“Mrs. Clinton also set out in a van for Iowa, making unannounced pit stops like an everyday American in hopes of impressing (and hopefully not freaking out) fellow travelers with her suddenly accessible self. It was not your typical American road trip: The Secret Service was driving, two aides sat where Bill and Chelsea might, and presumably no one asked, “Are we there yet?” or demanded to watch a Disney DVD.”

Healy then writes,

“The emergence of folksy Hillary and the ready-to-lead Republicans clearly signals the start of the Perception Primary, during which candidates seek to erase their deficits and persuade voters to see them differently.”

So from a Christian worldview perspective what are we looking at here? We’re looking at something that first of all reflects on ourselves as the American voter. We actually demand two things that you usually can’t have in one person. And that is someone who has experience and already has a legacy on the world stage, and someone that we feel like we can relate to as being just like us. There’s actually something healthy we also need to note in those contradictory American desires. There’s something healthy about wanting someone that we know was ready to sit the Oval Office. That’s not an irrational concern. But there’s s also something healthy about wanting – in our representative democracy – the one who sits as President of the United States to be like us, to have some connection to everyday life as we know it, to understand how Americans think, how Americans live.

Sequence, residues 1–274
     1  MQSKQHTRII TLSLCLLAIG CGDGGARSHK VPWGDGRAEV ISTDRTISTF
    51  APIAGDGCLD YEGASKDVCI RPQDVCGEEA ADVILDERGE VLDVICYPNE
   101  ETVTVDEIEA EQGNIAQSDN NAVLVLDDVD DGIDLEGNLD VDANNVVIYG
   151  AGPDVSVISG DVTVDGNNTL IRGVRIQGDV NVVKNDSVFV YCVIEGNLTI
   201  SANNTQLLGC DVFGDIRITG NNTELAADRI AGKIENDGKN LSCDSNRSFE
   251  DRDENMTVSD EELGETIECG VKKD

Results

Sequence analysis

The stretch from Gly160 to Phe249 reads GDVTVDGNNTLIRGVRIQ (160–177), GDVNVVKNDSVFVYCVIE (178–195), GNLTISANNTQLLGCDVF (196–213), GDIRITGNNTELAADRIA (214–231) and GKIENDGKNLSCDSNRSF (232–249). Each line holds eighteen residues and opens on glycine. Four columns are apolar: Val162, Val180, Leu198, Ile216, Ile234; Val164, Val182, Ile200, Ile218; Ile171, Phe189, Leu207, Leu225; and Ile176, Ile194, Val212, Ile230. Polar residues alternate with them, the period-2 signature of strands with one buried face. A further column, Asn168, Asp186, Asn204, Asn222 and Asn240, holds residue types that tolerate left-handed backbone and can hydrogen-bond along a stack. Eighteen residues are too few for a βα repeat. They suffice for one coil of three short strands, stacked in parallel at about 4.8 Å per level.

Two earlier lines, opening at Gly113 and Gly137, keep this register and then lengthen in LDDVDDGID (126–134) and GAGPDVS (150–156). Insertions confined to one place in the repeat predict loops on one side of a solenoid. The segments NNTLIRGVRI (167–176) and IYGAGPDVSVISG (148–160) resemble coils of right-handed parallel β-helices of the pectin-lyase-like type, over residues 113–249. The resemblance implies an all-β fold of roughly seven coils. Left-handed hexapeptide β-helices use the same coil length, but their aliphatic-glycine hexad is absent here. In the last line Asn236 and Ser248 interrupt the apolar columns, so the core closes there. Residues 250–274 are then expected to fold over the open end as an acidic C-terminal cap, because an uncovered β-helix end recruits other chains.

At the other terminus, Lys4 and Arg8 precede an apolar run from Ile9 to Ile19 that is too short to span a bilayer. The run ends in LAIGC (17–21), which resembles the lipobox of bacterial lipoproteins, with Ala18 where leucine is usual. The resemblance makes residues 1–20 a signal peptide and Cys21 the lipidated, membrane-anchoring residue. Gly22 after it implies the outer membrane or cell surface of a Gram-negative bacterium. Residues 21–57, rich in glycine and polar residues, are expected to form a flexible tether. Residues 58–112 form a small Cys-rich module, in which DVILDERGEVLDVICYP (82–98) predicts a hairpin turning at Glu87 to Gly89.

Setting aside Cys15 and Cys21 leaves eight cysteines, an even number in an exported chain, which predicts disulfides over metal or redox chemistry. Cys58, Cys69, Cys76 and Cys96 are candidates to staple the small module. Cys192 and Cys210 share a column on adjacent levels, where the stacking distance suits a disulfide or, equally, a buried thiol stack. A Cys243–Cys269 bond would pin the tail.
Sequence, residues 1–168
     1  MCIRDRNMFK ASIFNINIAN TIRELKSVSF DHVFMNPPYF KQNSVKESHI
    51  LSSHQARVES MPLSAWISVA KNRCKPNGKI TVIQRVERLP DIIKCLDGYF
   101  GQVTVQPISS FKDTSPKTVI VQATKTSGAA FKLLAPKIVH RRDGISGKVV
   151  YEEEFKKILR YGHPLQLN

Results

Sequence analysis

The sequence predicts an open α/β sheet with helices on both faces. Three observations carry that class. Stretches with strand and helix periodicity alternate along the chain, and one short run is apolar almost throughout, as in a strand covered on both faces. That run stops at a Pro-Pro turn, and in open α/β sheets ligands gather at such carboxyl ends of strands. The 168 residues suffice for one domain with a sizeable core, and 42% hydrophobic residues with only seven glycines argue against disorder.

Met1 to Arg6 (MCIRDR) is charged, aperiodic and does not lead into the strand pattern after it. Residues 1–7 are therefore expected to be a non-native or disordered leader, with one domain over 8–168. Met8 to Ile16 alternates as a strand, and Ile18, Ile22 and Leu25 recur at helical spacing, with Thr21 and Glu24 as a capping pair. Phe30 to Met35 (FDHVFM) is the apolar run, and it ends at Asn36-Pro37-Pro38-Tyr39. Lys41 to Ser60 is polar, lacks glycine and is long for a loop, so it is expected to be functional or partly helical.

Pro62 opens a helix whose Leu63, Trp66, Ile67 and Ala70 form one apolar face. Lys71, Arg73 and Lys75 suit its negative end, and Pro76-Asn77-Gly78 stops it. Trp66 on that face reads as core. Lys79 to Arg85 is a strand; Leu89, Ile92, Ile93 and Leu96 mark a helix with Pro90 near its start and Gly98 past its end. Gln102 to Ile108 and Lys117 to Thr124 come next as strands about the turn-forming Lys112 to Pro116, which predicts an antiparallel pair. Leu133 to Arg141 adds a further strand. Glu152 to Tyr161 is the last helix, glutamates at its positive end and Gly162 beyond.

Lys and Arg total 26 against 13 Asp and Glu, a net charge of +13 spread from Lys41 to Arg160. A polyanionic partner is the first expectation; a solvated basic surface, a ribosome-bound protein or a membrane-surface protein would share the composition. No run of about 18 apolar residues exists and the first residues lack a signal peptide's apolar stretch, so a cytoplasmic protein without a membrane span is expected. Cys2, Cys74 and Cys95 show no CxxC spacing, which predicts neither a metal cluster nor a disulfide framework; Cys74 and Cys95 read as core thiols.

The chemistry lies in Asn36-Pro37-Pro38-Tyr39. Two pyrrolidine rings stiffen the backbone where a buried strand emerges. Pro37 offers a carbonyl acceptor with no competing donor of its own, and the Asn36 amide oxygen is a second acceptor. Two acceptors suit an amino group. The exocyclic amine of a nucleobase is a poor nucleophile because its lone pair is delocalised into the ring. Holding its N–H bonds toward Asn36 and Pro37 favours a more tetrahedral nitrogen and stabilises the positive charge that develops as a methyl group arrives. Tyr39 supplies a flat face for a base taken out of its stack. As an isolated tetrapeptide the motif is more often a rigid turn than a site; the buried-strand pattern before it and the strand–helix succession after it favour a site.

But in the final analysis – and this we need to concede to ourselves, we need to be honest about this – we will almost assuredly trade off that normalcy for the sense of experience and capability that we actually know we need when that person sits in the Oval Office. By the time an individual’s running for President of the United States it’s unlikely that they actually will pass the legitimate test of being merely normal. That’s because by the time they have entered into the monomaniacal race that is required to run for President of the United States they have already decided to leave normal somewhere way in the past.

But the second thing we need to note – and Healy’s article is just spot on about this – is that it tells us that we are now in this so-called ‘perception primary.’ What we’re looking at right now is a primary about how we perceive the candidates. Not so much about actual positions, yet. Not so much about the big issues. Not even at this point just about the parties. But about the people. We’re watching candidacies and candidates take shape before our eyes in this perception primary. And remember the trying to make themselves look like what we want or what they think we want. That says something about the candidates, but it says something even deeper about us.